...Yaughton, a leafy Shropshire Village stuck in a timewarp in the 1980s…[youtube vid]
An enticing valley is beautifully rendered before me, blossoms are falling from trees, sunlight is dancing across the empty road and glorious music is moving and uplifting where everything here is so... deserted… It’s intriguing… and it’s another fine example of game-'plays’ to come.
As I start looking around, the first, apocalyptic signs slowly appear: abandoned cars, unlocked doors… Am I an English 'Donnie Darko'? Hold on a moment: who’s this? Oh… the residual light energy from the past; ‘ghosts’ giving me clues about what on earth has happened.
It must have something to do with the locked observatory nearby, which will mark the beginning and the end of this revelatory ‘journey' called 'Everybody's Gone to the Rapture'. A big question is: will these villagers know the 'Timewarp dance'? [ok, that's 1975 to be exact.]
There are five 'areas' in the game, each of which revolve around a different character, with the main protagonists being Dr Katherine Collins (Kate) and her husband, Stephen – both scientists at the observatory. During their work, Kate and Stephen encountered a ‘strange pattern’ which appeared to be an unknown form of life. They observed the pattern ‘infecting’ and sometimes killing other lifeforms. Kate concluded that the pattern was attempting to communicate with humans, ignorant to the harm that it was causing during her attempts to communicate with it. During this time, Stephen becomes convinced that the pattern is a deadly threat capable of destroying the human race. [wikipedia]
Immediately, it strikes me as very radio play though, i.e. a lot of try-hard dialogue and this is a little distracting from any involving mystery. It seems to detract from a sense of mystery, the characters being so down-to-earth. Also, although not a big Archers fan, it’s quaint for the scenario and I do like some radio plays. The combination could still work… besides, the countryside and mesmerising light-shows are compensating.
Quick note to players: go with the flow. Try and get through it in about 2 sessions. This isn’t an open-world experience, but a story-based, emotional narrative that we get to – literally - follow. I treated it as a non-linear game initially, searching for ‘complete freedom’ (which is what I so love when I’m given a whole map to explore) but consequently I had to backtrack in order to proceed. Bummer.
|1980s ordinance survey map preserved in a timewarp|
On with the reflection and suggestions…
There’s lots of reviews out there of ‘Everybody’s Gone to the Rapture’, not just a great title in itself but a ‘mature experience’ in that it’s not any mainstream shooter, puzzler etc. We should just have some new genre now in the gaming world for the ‘deeper’ titles; spiritual titles that must really be celebrated straight-off for expanding what modern games can be, what forms they can take (especially before the advent of VR experiences).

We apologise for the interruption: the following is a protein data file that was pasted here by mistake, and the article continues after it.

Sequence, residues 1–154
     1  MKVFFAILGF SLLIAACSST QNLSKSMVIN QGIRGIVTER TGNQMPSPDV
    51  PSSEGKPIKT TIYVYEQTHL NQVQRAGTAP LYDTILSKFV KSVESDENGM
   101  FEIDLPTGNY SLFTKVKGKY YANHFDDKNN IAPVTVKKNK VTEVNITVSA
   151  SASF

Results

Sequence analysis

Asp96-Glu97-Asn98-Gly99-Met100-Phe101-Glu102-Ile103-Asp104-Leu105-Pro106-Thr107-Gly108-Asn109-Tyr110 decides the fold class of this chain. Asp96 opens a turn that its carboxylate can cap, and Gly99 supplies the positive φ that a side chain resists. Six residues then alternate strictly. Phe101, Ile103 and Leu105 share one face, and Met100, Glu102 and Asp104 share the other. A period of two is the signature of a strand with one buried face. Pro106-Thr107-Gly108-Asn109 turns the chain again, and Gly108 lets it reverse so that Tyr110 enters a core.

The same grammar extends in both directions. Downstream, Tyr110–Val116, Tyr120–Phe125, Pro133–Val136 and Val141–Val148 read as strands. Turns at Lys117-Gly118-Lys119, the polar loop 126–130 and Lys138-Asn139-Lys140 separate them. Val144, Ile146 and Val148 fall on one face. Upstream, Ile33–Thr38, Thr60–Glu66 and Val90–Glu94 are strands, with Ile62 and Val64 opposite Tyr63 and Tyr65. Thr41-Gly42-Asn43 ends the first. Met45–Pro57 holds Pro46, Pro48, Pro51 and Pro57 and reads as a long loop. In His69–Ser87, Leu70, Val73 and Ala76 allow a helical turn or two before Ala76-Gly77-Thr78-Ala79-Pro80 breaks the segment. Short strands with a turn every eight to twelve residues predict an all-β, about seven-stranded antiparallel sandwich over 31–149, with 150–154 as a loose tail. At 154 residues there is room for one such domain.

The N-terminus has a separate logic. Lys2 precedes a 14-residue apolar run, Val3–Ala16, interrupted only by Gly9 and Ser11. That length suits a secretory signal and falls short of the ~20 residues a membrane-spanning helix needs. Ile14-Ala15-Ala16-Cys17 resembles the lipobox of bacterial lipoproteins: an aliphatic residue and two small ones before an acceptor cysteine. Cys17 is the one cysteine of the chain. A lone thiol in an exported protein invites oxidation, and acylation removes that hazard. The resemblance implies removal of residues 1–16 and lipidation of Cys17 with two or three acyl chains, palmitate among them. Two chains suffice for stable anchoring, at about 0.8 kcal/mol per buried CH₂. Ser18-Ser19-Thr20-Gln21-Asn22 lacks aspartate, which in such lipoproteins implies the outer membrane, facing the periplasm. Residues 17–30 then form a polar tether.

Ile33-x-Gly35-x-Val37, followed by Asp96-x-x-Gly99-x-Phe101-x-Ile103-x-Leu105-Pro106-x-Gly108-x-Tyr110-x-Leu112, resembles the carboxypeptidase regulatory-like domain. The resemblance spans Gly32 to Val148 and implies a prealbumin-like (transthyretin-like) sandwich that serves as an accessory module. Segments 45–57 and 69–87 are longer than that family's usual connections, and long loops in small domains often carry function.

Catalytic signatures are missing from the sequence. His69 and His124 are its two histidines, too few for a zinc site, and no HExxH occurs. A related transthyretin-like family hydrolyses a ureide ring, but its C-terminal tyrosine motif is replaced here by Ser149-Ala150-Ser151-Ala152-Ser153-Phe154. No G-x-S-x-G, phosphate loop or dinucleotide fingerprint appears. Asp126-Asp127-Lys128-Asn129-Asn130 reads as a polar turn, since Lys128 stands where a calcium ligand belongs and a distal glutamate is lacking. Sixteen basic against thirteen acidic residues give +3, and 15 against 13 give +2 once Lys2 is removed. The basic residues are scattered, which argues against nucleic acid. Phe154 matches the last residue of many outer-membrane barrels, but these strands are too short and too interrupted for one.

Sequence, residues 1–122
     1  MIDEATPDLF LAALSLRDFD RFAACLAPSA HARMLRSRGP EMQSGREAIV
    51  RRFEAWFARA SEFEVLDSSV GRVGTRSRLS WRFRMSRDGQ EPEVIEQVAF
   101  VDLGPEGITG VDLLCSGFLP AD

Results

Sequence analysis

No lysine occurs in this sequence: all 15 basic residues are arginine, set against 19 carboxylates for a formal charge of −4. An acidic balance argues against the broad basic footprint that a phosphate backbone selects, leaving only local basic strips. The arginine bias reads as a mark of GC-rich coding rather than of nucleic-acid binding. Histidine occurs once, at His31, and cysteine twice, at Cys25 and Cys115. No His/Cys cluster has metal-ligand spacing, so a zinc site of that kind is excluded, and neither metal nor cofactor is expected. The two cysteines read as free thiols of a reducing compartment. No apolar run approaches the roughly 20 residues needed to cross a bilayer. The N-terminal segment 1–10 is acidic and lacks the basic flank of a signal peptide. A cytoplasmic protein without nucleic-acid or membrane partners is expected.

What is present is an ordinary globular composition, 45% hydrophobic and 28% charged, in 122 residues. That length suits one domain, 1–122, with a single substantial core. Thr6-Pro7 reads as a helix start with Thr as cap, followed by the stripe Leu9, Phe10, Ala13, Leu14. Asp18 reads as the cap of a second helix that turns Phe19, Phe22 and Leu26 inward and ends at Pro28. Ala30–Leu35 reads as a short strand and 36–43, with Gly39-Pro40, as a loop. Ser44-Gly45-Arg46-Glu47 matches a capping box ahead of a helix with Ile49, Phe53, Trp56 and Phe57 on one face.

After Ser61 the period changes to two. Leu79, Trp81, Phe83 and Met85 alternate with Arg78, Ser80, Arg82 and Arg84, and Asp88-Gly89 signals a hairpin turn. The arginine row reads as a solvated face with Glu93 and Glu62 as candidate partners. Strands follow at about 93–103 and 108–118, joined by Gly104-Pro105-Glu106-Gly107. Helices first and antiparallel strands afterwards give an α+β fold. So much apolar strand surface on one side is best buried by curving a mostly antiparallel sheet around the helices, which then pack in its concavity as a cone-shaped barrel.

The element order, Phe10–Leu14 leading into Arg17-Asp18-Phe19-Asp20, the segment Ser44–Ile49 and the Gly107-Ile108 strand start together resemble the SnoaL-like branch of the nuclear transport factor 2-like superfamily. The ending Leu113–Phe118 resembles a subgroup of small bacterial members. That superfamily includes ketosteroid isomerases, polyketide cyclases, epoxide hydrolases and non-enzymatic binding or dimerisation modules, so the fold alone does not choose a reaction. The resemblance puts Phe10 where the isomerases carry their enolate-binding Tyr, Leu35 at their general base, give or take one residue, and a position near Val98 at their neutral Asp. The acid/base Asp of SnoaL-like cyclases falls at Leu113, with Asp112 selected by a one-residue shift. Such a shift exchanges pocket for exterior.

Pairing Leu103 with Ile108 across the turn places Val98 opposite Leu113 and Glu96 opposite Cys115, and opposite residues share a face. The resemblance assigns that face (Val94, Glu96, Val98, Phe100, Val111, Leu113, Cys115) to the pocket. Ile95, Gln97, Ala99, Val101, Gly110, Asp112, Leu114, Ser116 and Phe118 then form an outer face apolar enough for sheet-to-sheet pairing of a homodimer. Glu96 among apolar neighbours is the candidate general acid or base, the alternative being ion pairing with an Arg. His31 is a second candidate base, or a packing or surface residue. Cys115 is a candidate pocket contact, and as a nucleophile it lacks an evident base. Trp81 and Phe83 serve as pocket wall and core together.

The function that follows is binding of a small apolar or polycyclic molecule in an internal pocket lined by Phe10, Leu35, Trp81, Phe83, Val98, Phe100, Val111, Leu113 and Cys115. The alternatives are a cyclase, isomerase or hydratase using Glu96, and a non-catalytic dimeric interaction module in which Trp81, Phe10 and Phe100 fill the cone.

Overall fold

And it felt a little like this is what strategy developer The Chinese Room has in their heads. Virtual atmosphere. The environment and sound are the key players as the world of Shropshire ‘breathes’ before an almost disembodied, first-person POV. It’s those 2 lovely adjectives: lush and detailed. We are supposed to move lightly through this story; we are given time to dream and to think for once. The power of PS4 was alive and well as I started to move about. It’s a game to play in a comfortable chair. I’ve read the term ‘a good couch co-op’ game which is a good one. You can watch someone else play without getting stuck all the time (unless they do what I did).
The detailed countryside is the sort of thing I’m writing about in my nature-based game-world, The Spiral, which is a non-linear concept, in that the areas of the game-map are open to explore in any sequence and revelations will be a mix of scientific and magical but all relating to real science/nature. So naturally I was a little disappointed by the constraints imposed by the narrative in Yaughton.
However, there’s loads I like about this ‘interactive story’ as opposed to game: the graphics, atmosphere and story have been given full attention; the dancing light streams are captivating and enrapturing (a Ghostbusters game would be great too like this.) There are clearly talented people out there who can program and control light graphics. Fine wizardry! The music (Jessica Curry) and scenery work really powerfully together. The sound adds a haunting, necessary weight to the whole exercise.
I’ve seen some of the bad reviews out there: ‘walking simulators’ is amusing criticism, but so undeserved. Yes, it’s a slow game, but this is the point; it’s all spiritual, just read the title on the tin.